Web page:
Chrome 79 page info

In December, Chrome 79 introduced a setting (lock icon on HTTPS pages => Site Settings) to unblock mixed scripts, iframes, and other types of content that the browser blocks by default. In February, Chrome 80 began autoupgrading mixed audio and video resources in HTTPS sites by rewriting URLs to HTTPS without falling back to HTTP when secure content is not available. If they fail to load over HTTPS, Chrome will block them by default.

Now, Chrome 81 autoupgrades mixed images to HTTPS. If they fail to load over HTTPS, Chrome will block them by default.

Google ultimately wants to ensure HTTPS pages in Chrome can only load secure HTTPS subresources. If you’re a developer looking to clean up your mixed content, check out the Content Security Policy, Lighthouse, and this HTTPS guide.

TLS 1.0 and TLS 1.1 deprecated

Chrome 81 is also notable for anyone who manages a website, even if they don’t use Chrome at home or at work. Chrome 81 has deprecated Transport Layer Security (TLS) 1.0 and TLS 1.1. Along with other major browser makers Apple, Microsoft, and Mozilla, in October 2018 Google promised to disable support for TLS 1.0 and TLS 1.1. Google is now starting to deliver on that promise.

TLS is a cryptographic protocol designed to provide communications security over a computer network — websites use it to secure all communications between their servers and browsers. TLS also succeeds Secure Sockets Layer (SSL) and thus handles the encryption of every HTTPS connection.

In Chrome 81, sites that do not support TLS 1.2 and above will show a full-page warning telling users that the connection is not fully secure. Website administrators can opt out using the SSLVersionMin policy to disable the security indicator and warning until January 2021. To allow TLS 1.0 and later without additional warnings, set the policy to tls1.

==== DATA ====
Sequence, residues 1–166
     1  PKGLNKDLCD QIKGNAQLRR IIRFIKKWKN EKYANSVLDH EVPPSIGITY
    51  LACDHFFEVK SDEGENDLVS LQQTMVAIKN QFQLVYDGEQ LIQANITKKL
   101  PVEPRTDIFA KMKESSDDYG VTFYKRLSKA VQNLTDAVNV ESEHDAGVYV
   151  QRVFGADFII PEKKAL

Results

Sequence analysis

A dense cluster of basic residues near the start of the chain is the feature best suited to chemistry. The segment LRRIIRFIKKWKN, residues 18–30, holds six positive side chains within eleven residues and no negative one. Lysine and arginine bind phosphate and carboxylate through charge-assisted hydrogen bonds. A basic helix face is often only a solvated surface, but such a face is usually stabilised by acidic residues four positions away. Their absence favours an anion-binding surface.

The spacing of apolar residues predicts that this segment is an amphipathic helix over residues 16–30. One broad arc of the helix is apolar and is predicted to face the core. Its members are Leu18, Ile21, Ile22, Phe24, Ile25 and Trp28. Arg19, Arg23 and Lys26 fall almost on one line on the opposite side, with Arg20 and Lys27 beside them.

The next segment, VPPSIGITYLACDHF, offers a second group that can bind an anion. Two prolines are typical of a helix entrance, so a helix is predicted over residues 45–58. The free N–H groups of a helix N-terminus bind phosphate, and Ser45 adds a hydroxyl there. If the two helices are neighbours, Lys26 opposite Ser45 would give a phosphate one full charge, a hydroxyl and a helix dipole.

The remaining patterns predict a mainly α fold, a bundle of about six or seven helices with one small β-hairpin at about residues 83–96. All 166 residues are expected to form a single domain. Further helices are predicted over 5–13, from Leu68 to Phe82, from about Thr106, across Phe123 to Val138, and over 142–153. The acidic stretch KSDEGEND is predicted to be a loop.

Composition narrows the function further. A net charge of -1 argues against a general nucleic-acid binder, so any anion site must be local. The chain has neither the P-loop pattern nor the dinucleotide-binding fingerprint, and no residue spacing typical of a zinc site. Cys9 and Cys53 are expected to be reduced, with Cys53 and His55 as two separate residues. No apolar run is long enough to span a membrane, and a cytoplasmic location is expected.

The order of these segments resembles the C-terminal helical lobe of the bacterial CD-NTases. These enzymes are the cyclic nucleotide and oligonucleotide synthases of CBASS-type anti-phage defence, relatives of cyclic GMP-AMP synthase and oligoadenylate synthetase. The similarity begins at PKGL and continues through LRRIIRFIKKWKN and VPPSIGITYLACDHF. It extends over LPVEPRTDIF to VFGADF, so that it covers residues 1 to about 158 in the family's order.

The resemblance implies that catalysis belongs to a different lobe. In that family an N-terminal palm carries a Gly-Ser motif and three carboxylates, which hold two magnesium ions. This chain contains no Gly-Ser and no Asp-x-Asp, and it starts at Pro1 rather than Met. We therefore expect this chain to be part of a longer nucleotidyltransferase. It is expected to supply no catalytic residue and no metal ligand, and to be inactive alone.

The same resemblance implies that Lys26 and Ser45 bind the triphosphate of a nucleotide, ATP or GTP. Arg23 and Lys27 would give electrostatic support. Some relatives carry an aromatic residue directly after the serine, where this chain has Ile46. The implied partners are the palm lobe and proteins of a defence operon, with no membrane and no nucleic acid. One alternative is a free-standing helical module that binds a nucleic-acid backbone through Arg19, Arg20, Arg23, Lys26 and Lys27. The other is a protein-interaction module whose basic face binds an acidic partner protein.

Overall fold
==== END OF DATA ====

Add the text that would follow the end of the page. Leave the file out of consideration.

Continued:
Android and iOS

Chrome 81 for Android is rolling out slowly on Google Play. The changelog isn’t available yet — it merely states that “This release includes stability and performance improvements.” The main change is likely the aforementioned Web NFC Origin Trial.

Chrome 81 for iOS is out on Apple’s App Store. The changelog is as follows:

  • Chrome updated its Terms of Service. You can review the new terms when you create a new tab.
  • You can find your downloads in the downloads folder in Chrome’s menu, or in your device’s Files app.
  • Search suggestions will also include suggestions from the middle of words.

You can read the changes to the terms of services here.

Security fixes

Chrome 81 implements 32 security fixes. The following were found by external researchers:

  • [$7500][1019161] High CVE-2020-6454: Use after free in extensions. Reported by leecraso of Beihang University and Guang Gong of Alpha Team, Qihoo 360 on 2019-10-29
  • [$5000][1043446] High CVE-2020-6423: Use after free in audio. Reported by Anonymous on 2020-01-18
  • [$3000][1059669] High CVE-2020-6455: Out of bounds read in WebSQL. Reported by Nan Wang(@eternalsakura13) and Guang Gong of Alpha Lab, Qihoo 360 on 2020-03-09
  • [$2000][1031479] Medium CVE-2020-6430: Type Confusion in V8. Reported by Avihay Cohen @ SeraphicAlgorithms on 2019-12-06
  • [$2000][1040755] Medium CVE-2020-6456: Insufficient validation of untrusted input in clipboard. Reported by Michał Bentkowski of Securitum on 2020-01-10
  • [$1000][852645] Medium CVE-2020-6431: Insufficient policy enforcement in full screen. Reported by Luan Herrera (@lbherrera_) on 2018-06-14
  • [$1000][965611] Medium CVE-2020-6432: Insufficient policy enforcement in navigations. Reported by David Erceg on 2019-05-21
  • [$1000][1043965] Medium CVE-2020-6433: Insufficient policy enforcement in extensions. Reported by David Erceg on 2020-01-21
  • [$500][1048555] Medium CVE-2020-6434: Use after free in devtools. Reported by HyungSeok Han (DaramG) of Theori on 2020-02-04
  • [$N/A][1032158] Medium CVE-2020-6435: Insufficient policy enforcement in extensions. Reported by Sergei Glazunov of Google Project Zero on 2019-12-09